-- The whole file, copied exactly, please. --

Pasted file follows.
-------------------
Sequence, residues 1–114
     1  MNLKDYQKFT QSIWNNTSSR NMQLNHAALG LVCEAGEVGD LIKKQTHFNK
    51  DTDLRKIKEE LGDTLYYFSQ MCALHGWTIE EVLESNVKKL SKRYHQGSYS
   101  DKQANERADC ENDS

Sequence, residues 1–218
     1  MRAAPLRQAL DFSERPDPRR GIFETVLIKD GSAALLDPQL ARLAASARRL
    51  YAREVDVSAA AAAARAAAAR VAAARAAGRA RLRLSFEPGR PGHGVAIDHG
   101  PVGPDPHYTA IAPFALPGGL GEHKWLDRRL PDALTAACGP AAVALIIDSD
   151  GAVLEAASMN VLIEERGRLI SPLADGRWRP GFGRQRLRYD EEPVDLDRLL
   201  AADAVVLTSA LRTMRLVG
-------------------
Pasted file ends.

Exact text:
Sequence, residues 1–114
     1  MNLKDYQKFT QSIWNNTSSR NMQLNHAALG LVCEAGEVGD LIKKQTHFNK
    51  DTDLRKIKEE LGDTLYYFSQ MCALHGWTIE EVLESNVKKL SKRYHQGSYS
   101  DKQANERADC ENDS

Sequence, residues 1–218
     1  MRAAPLRQAL DFSERPDPRR GIFETVLIKD GSAALLDPQL ARLAASARRL
    51  YAREVDVSAA AAAARAAAAR VAAARAAGRA RLRLSFEPGR PGHGVAIDHG
   101  PVGPDPHYTA IAPFALPGGL GEHKWLDRRL PDALTAACGP AAVALIIDSD
   151  GAVLEAASMN VLIEERGRLI SPLADGRWRP GFGRQRLRYD EEPVDLDRLL
   201  AADAVVLTSA LRTMRLVG